The Old Colossus

Her torch fell with a mighty splash.
The big green lady, with a crash
Sat down in such a sudden flurry
She nearly sank a passing ferry
And the book she dropped, which weighed a ton,
Sent tremors through nearby Bayonne.
“I’ve stood here, looking out to sea,
Till all of me is verdegris
and, in the snow and ice and drench
and pigeon shit, I’ve lost my French.
Still, as a lighthouse, I was sent
(but, being French, more elegant)
And, though the only job I’ve had,
I have to say, it wasn’t bad—
Until this dead-eyed balding goblin
Appeared and tried to do my job in
With floods of facts and little snarks,
Dog-whistles and veiled race remarks
Because his master’s one conclusion
On immigration is exclusion.
We take in folk from all the globe—
We always have—a xenophobe
Whose grandpa smelled of sauerkraut
Should think of that and not keep out
The immigrants or send them back
Because their skin is brown or black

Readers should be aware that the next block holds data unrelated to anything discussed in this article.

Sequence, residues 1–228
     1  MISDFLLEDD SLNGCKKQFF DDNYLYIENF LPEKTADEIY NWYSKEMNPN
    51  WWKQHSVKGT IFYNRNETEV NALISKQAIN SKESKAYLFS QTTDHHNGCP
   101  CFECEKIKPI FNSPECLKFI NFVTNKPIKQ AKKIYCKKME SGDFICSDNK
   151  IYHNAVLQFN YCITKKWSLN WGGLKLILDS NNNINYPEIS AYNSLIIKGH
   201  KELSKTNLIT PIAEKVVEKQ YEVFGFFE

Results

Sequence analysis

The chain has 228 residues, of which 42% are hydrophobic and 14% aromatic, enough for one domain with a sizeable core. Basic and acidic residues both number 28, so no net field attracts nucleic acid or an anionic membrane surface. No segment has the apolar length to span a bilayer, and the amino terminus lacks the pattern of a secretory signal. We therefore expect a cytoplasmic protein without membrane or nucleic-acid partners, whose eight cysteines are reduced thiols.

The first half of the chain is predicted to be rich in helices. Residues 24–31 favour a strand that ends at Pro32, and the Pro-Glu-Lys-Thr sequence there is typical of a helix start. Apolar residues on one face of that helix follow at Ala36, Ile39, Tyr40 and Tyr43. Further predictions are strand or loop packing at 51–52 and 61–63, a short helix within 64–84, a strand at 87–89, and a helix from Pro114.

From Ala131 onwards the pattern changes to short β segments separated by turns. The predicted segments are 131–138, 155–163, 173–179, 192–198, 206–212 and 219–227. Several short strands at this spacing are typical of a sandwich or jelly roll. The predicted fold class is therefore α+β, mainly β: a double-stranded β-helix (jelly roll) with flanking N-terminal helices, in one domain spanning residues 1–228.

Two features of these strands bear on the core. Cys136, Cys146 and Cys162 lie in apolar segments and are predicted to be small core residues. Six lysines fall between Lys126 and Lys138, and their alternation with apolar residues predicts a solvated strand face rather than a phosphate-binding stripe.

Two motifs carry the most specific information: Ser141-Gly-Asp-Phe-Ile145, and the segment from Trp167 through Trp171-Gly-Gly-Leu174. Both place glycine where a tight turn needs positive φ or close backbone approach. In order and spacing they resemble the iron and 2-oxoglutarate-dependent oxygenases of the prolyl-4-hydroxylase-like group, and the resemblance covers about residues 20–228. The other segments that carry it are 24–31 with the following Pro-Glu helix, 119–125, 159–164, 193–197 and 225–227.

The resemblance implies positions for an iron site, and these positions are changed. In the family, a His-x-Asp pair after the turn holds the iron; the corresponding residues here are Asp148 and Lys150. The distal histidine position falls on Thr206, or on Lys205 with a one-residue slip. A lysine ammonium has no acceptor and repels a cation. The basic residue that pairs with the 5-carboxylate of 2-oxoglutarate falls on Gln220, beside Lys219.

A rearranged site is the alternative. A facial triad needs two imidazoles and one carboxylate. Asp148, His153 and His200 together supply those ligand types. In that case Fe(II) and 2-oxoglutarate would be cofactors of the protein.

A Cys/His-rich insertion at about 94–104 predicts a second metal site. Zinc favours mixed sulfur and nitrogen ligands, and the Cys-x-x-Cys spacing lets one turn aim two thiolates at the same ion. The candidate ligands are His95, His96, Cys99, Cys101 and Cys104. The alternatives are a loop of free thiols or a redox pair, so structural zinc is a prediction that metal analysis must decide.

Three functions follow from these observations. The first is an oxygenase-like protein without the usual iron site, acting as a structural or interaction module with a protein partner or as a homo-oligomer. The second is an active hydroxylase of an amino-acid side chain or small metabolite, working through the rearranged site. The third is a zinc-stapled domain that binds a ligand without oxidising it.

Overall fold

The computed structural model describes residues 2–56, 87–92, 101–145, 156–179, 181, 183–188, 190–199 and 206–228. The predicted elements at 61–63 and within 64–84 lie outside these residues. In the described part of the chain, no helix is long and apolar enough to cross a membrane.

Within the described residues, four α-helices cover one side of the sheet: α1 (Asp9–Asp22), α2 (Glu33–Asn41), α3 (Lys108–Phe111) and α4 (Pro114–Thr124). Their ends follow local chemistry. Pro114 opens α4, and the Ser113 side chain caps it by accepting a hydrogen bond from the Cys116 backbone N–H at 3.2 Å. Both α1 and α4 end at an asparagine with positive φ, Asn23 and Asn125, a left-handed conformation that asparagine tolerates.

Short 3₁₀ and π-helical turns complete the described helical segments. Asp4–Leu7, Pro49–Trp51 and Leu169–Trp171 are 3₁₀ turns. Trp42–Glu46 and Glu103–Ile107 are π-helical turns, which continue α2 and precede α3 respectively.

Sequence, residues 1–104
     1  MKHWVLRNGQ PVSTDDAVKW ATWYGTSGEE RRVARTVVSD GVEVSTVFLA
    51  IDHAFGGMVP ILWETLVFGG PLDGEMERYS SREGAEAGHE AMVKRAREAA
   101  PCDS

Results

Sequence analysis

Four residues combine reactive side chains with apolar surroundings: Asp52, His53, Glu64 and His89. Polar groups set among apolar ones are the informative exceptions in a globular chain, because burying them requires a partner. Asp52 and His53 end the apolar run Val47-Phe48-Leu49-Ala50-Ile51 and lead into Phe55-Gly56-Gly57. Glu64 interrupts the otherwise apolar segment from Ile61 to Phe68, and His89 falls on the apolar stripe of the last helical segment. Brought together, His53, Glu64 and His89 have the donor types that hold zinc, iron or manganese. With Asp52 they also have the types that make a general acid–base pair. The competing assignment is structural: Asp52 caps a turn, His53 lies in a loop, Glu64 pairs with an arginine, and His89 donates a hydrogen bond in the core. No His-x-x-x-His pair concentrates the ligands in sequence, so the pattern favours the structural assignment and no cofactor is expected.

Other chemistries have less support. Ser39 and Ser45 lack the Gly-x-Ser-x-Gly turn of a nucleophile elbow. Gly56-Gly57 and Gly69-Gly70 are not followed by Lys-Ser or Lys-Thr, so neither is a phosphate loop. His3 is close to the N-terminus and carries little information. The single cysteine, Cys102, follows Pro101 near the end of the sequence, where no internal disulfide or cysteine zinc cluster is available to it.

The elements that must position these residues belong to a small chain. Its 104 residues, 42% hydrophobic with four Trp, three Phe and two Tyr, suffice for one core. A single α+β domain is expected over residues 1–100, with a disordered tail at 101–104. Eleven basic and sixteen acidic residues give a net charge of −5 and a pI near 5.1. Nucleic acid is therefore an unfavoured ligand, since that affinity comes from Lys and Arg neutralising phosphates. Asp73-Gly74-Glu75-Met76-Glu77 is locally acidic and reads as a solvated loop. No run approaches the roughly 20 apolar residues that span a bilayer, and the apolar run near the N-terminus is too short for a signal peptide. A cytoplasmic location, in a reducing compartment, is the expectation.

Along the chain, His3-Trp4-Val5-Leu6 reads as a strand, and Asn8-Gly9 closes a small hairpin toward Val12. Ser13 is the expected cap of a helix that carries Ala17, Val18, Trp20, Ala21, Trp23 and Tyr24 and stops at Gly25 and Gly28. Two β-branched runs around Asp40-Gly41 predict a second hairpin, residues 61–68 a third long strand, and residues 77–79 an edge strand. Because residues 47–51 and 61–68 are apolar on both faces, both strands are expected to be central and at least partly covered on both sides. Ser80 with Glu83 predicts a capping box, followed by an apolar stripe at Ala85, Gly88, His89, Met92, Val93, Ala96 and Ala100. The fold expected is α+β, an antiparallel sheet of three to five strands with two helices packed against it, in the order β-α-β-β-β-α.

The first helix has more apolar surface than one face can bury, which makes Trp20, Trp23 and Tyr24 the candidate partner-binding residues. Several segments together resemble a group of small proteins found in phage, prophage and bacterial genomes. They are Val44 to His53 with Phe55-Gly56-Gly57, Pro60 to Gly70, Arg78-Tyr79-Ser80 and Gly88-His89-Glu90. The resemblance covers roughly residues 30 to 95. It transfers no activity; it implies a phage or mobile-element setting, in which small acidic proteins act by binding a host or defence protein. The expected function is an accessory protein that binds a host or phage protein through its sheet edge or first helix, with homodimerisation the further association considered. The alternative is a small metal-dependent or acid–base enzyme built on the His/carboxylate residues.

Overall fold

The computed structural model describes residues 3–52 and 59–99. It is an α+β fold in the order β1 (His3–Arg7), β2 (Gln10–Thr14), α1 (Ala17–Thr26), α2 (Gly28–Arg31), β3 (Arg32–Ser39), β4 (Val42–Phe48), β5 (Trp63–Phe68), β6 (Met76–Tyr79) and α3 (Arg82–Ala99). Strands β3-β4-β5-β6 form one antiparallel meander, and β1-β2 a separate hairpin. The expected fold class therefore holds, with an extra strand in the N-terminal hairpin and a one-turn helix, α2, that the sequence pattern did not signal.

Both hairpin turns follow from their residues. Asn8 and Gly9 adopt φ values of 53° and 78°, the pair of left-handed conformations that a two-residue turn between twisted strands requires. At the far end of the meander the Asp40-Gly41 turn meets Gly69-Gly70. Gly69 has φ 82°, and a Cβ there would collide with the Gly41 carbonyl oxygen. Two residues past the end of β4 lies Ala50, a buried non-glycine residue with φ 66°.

(especially when—as can be seen—
His own skin is pale tangerine).
I’m here for all—no special passes
For those who don’t need English classes,
But those in need, fled here when war
Or prejudice brings them ashore—
Just as the poem says—it’s true!
And that, dear goblin, goes for you
Whose greatgrandparents came when young
And learned here how to speak the tongue
This new act would demand before
They joined us—something you ignore
As do the masses who support
That big-mouthed man whose memory’s short.
But now—I’m done! You’ve had your chance!
I’m emigrating–back to France!
We’ll see if there there still can be
Some folk who’re yearning to breathe free!”
With that, she stood and quickly waded
Into the bay and soon had faded,
The last thing seen from here in town
The top point of her sinking crown.


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